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February 2018

Ielts blow to Pacific language preschools

Stringent Ielts requirements for teachers in New Zealand have led to the closure of all dedicated courses preparing staff to work in the country’s Pacific language preschools, after applications plummeted, Federica Tedeschi writes. 

AUT University’s Bachelor of Education in Pasifika early childhood teaching ended last month, and a similar course at Auckland University has been suspended because applications have fallen so low. Other Pasifika teacher-training courses run by polytechnics, teachers’ colleges and the NZ Childcare Association, as well as a 30-year-old course for teachers in Samoan language immersion ‘nests’, have closed due to lack of new students.

The university courses train staff for mother-tongue medium schools teaching in languages such as Samoan, Tongan and Cook Island Maori, which are attended by children from Pacific island families who have settled in New Zealand.

But the new Ielts standard has become a barrier to most older people from the region, who have the best Pasifika language skills, from training to teaching preschoolers. A spokeperson from Auckland University said that Ielts had became ‘a major issue’.

NZ story pic

The entry requirement for all teacher training was raised in 2011 from an Ielts level 6 to 7.

This set the English bar higher than for other courses – Auckland University and AUT require Ielts levels of only 6 for other undergraduate courses and 6.5 for postgraduates including doctoral students. At AUT, numbers reportedly dropped from 300 applicants a year to between twenty and 25 after the new requirements were brought in.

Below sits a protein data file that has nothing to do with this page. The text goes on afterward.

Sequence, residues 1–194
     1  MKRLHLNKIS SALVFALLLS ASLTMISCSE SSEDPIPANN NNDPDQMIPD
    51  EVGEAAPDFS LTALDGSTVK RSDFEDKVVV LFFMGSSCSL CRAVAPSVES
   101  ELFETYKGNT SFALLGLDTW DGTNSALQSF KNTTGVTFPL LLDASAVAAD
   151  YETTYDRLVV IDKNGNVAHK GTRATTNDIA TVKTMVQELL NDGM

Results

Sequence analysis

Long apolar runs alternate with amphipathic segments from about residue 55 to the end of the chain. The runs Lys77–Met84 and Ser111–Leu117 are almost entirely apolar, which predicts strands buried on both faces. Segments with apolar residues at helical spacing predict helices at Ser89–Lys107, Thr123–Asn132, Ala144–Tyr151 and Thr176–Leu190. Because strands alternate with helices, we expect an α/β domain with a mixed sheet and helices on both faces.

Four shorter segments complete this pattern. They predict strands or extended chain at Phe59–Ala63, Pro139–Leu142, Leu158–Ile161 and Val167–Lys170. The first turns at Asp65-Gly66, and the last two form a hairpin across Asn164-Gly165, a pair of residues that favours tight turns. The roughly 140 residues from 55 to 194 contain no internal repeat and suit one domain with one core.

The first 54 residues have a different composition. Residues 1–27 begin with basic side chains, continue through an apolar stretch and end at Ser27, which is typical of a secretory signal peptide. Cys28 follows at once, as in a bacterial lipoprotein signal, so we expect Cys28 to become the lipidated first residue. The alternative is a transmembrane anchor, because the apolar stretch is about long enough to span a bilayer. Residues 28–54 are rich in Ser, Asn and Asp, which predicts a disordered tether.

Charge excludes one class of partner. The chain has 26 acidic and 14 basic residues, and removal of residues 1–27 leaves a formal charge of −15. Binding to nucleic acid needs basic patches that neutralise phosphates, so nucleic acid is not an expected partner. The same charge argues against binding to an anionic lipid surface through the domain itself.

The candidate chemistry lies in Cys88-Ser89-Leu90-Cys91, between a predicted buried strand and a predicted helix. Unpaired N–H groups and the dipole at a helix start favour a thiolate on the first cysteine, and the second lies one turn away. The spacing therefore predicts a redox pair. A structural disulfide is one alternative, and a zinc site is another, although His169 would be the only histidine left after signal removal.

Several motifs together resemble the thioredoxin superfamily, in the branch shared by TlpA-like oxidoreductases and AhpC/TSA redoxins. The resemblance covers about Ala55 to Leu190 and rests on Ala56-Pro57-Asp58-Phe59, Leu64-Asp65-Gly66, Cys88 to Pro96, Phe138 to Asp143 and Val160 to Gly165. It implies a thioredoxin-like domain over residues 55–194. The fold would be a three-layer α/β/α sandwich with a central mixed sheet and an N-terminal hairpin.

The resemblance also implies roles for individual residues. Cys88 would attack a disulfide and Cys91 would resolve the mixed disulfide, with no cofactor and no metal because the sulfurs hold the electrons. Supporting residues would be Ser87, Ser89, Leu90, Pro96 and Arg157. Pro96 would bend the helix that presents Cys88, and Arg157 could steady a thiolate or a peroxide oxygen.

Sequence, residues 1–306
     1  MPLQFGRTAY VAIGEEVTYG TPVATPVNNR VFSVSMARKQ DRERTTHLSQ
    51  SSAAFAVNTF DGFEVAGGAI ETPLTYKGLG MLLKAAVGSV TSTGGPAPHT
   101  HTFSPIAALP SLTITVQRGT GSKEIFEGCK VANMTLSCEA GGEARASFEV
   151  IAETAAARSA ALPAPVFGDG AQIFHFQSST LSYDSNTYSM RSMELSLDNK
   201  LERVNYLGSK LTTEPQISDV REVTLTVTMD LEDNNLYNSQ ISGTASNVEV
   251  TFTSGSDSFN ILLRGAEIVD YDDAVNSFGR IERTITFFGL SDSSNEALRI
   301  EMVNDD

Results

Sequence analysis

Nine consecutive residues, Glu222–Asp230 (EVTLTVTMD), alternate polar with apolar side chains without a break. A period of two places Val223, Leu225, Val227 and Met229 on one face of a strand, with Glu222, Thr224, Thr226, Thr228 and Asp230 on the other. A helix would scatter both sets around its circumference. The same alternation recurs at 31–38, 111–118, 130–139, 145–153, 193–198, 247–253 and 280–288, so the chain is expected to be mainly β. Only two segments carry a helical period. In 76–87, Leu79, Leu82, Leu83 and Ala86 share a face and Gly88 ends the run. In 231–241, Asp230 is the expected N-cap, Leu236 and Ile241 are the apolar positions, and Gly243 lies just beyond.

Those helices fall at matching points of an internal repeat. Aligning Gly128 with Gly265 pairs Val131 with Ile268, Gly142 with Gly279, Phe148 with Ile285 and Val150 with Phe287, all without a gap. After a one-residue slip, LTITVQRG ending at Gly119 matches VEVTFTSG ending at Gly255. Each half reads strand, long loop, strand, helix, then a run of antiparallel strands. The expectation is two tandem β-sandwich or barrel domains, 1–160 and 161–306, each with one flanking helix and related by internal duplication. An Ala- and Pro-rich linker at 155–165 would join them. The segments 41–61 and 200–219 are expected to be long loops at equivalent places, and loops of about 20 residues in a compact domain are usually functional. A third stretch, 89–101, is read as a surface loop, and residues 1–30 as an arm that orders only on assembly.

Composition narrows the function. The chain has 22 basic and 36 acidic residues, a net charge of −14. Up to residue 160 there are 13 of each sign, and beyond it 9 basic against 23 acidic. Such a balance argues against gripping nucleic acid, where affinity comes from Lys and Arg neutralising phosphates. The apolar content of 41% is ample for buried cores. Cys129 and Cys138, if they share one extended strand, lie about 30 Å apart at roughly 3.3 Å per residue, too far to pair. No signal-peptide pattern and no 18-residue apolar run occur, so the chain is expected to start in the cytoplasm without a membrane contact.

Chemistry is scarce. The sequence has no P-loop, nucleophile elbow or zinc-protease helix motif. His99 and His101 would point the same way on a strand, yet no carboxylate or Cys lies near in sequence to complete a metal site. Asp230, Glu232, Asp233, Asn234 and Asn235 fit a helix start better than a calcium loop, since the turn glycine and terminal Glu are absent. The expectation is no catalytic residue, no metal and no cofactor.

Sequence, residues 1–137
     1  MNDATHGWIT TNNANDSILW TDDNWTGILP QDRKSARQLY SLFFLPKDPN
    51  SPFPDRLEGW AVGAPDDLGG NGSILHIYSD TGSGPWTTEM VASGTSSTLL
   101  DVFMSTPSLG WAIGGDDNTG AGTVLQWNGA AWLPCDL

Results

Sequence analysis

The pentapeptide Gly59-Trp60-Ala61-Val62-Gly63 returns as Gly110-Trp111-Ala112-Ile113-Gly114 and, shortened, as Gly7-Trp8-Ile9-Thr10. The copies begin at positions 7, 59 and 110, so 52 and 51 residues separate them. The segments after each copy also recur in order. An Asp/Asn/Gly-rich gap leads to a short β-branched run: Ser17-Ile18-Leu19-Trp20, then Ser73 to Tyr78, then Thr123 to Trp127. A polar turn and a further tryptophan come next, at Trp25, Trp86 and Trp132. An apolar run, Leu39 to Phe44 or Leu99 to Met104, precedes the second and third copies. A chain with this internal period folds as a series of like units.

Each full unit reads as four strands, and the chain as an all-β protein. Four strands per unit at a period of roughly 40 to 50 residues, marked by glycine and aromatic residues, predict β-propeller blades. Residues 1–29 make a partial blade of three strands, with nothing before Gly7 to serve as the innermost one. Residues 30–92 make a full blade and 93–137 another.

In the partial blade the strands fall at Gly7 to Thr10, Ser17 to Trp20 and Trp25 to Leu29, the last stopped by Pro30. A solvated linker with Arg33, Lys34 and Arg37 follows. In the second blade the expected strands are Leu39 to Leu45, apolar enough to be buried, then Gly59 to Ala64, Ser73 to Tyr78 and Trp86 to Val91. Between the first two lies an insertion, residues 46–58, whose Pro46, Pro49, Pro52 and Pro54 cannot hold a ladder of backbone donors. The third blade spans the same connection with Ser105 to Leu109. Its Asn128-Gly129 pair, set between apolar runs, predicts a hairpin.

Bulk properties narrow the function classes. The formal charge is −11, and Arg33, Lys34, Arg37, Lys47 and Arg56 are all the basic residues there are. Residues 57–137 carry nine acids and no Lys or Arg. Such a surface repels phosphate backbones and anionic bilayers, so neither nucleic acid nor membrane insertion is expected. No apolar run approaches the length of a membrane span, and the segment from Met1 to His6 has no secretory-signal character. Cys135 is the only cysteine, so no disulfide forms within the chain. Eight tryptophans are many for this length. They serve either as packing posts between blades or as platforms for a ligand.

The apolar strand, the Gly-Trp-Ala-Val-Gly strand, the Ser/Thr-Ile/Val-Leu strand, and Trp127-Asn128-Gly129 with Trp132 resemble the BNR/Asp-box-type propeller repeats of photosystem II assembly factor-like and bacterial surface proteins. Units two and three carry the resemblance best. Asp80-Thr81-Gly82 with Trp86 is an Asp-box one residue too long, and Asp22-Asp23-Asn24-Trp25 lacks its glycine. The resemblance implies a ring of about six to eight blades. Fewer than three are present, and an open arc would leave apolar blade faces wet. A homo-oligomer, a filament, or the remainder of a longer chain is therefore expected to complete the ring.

Lyn Lewis, head of school at AUT, told the Gazette there ‘was interest’ in the course but most applicants were put off by the need to reach the Ielts score.
Pafitimai Salā Dr Fa’asaulala Tagoilelagi-Leota, the president of the Samoan Language Nest Society, told the New Zealand Herald that the course closures left her ‘gutted’.

Dr Rae Si’ilata, associate dean Pasifika in Auckland University’s education faculty, says she hopes to reinstate the course next year.

Meanwhile, Lesley Hoskin, deputy chief executive of teachers’ professional body the Education Council said all teachers should be required to have a good level of English and/or Maori, New Zealand’s two official languages.

‘It is possible that we could consider raising the attainment level in the future, but we would not consider lowering it,’ Hoskin said.

nz story2


Pic courtesy: Juliane Schultz

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